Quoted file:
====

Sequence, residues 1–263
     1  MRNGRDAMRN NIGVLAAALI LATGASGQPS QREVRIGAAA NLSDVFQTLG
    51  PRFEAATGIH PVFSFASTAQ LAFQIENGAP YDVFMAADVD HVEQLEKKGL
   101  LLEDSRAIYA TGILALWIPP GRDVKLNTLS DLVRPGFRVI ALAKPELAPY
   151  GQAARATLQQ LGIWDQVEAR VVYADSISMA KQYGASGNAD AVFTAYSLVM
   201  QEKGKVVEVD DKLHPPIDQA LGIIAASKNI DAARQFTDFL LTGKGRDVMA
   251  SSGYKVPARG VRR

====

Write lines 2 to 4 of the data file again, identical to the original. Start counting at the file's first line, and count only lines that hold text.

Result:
     1  MRNGRDAMRN NIGVLAAALI LATGASGQPS QREVRIGAAA NLSDVFQTLG
    51  PRFEAATGIH PVFSFASTAQ LAFQIENGAP YDVFMAADVD HVEQLEKKGL
   101  LLEDSRAIYA TGILALWIPP GRDVKLNTLS DLVRPGFRVI ALAKPELAPY